KUALA LUMPUR: Many politicians and analysts are in agreement that recent calls for the nationalisation of Malaysia’s longest highway that stretches from the Thai border to Singapore are illogical as the North-South Expressway (NSE) was nationalised four years ago.
This happened when PLUS was delisted from Bursa Malaysia and fully taken over by the government via two agencies - the Employees Provident Fund (EPF) and Khazanah-owned UEM Group Bhd.
While efforts are now underway to prise PLUS away from government ownership, politicians and economists are in agreement that it should stay in government hands, given that this is a critical national infrastructure spanning the length of Peninsular Malaysia.
The recent unsolicited offer from Idaman Saga Sdn Bhd, which was rumoured to have roped in another government-linked entity, to take over the ownership of the nation’s most lucrative highway concession has once again seen calls for nationalisation from both sides of the political divide.
What seems to be forgotten is that the 772km NSE that forms the backbone of the country’s road network, together with all the highways under the purview of PLUS Malaysia Bhd, had already been nationalised since 2010.
The unsolicited offer, which lacks an offer price from Idaman Saga, a private vehicle of Tan Sri Halim Saad, among other things, includes a sweetener: it will not increase toll charges until the end of the concession period in 2038.
This will also save the Government some RM64bil in compensation as a result no toll increases between 2016 and 2038.
Such an offer has certainly struck a chord with the motoring public.
Despite the lack of financial details i.e. the offer price and funding of the purchase, analysts felt that the offer lacked viability for it to be considered a serious bid.
Current owners UEM Group Bhd (51%) and the Employees Provident Fund (49%) certainly have no plans to part with their prized asset.
Analysts say that PLUS Malaysia Bhd is an attractive takeover target with its huge cash generating business and steady growth potential.
“PLUS is already a national asset as it is owned by government-linked companies, . It is pointless to risk privatisation.
“UEM has managed PLUS well. PLUS gives a good return to EPF contributors, so it’s not necessary to privatise it,” said David Ang Chin Tat, the Selangor chairman of Gerakan.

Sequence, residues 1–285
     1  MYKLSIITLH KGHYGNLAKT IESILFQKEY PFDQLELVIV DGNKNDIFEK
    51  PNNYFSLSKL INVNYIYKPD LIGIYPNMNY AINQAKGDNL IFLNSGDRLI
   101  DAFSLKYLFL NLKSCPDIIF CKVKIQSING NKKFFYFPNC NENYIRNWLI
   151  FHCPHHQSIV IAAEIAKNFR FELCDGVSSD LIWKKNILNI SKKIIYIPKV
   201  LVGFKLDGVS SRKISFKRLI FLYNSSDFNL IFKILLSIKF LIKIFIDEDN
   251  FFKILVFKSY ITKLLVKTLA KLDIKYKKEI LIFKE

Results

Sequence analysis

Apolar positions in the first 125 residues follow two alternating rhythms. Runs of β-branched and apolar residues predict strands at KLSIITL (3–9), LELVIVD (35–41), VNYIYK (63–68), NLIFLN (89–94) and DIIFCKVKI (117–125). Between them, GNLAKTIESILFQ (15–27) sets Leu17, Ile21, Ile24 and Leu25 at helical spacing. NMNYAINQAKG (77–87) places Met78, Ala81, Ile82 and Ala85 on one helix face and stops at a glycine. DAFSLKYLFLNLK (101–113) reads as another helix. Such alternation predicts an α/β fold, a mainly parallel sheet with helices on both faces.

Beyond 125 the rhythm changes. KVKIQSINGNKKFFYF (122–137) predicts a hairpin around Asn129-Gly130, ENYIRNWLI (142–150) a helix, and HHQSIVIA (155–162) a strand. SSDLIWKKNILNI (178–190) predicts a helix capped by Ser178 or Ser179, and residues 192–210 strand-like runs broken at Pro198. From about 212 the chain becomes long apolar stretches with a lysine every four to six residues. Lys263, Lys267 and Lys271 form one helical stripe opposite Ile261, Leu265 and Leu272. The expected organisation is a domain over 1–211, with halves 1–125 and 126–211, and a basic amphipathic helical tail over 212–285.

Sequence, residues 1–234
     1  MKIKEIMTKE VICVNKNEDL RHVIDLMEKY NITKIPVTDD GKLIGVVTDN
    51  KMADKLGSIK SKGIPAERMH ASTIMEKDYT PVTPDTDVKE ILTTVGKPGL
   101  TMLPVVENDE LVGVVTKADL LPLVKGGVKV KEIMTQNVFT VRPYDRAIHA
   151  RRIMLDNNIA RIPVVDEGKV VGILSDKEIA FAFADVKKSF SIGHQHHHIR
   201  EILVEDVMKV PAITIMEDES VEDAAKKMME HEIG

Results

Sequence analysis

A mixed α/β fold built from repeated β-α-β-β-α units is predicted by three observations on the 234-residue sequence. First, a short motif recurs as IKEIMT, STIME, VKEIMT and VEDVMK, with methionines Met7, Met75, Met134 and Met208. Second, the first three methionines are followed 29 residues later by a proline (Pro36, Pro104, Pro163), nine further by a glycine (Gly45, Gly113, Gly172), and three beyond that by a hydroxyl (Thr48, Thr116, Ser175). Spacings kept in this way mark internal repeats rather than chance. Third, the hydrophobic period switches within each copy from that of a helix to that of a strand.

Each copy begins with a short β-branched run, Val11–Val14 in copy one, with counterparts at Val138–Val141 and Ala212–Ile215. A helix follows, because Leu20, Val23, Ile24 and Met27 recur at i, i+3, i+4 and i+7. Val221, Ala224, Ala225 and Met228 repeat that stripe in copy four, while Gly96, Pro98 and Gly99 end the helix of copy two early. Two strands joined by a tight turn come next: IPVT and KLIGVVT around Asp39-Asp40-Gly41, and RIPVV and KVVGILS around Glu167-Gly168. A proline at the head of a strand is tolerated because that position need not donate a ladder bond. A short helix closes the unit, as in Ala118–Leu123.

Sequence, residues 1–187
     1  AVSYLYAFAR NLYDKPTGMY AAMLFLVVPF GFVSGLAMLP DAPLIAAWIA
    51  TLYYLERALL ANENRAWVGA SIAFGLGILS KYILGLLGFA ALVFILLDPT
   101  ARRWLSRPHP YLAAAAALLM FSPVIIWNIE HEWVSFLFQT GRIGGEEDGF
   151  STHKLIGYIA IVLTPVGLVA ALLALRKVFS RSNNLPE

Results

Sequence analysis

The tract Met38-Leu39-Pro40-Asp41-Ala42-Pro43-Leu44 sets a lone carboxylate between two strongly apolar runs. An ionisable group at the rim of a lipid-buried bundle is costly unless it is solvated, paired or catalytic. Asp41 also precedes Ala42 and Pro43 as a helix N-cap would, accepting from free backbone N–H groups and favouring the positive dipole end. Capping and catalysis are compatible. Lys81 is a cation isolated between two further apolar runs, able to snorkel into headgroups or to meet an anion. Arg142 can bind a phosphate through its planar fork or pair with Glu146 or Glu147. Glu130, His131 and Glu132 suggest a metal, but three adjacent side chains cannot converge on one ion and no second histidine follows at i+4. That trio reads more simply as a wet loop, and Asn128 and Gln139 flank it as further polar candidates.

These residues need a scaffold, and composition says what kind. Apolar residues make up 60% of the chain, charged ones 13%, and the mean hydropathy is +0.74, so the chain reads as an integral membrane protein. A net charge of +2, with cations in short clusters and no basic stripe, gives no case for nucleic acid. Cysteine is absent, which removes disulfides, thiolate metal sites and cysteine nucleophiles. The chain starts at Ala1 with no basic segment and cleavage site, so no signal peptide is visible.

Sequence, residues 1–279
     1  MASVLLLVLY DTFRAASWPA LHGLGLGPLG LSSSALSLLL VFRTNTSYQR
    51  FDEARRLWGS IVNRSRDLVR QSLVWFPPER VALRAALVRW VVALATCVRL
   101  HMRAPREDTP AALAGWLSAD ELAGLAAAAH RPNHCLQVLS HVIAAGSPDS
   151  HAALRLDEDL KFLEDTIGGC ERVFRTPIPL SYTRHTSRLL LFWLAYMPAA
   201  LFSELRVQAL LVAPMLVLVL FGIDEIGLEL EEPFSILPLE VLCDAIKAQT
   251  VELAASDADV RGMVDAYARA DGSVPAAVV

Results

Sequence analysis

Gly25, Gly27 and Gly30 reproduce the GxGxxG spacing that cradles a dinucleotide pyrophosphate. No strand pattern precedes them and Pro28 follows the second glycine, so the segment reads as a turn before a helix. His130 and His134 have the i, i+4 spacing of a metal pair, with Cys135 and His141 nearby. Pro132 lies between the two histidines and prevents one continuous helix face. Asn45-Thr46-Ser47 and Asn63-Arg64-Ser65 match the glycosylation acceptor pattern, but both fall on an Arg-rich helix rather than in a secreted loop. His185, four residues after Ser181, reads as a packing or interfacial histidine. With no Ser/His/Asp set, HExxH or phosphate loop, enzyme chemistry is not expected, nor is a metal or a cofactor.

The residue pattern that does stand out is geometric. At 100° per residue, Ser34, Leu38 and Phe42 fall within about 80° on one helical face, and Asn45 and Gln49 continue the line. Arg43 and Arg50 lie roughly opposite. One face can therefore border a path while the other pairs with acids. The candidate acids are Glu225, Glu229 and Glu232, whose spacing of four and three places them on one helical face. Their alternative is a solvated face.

“The government tries to look after the best interests of the people so that big assets are sometimes nationalised to protect the public. The public also means the people who work for PLUS, not only the highway users.
“EPF represents 14 million Malaysians (who are contributors). Why should EPF pull out from the joint venture? I don’t see it as being necessary,” Ang said.
Zakie Shariff, a director of FA Securities, said for a highway that has reached maturity like PLUS, it made more sense to let the status quo remain because it was once privatised before being nationalised via EPF and UEM.
“To have a third party now to buy back from EPF and UEM, I don’t see the rationale. If anyone really wants to reduce the financial burden of the rakyat, look at the intracity ones, don’t just look at PLUS.
“With the high cost of living right now, the offer of no toll hikes and huge saving is tempting to the public and the government,” he said.
Stressing that one needs to think long-term on this matter, he said. “EPF plus UEM are two government agencies and this partnership, which saw the nationalisation of PLUS in 2010, has thus far managed PLUS well.”
“Why should this arrangement that is currently benefiting the rakyat be changed?” asked an economics professor, who spoke on condition of anonymity. “The public is not happy with the expected toll hike among all the highway concessions and not just PLUS,” she said.
She said although PLUS is government-owned, the two agencies are managing it like a business entity. But many analysts are also of the opinion that given the maturity of the toll concessions and the profits that had been enjoyed by the profitable toll concessionaires, there is a pressing need for the government to revisit the agreements to reduce the frequency of toll hikes and the quantum of price increases. — Bernama
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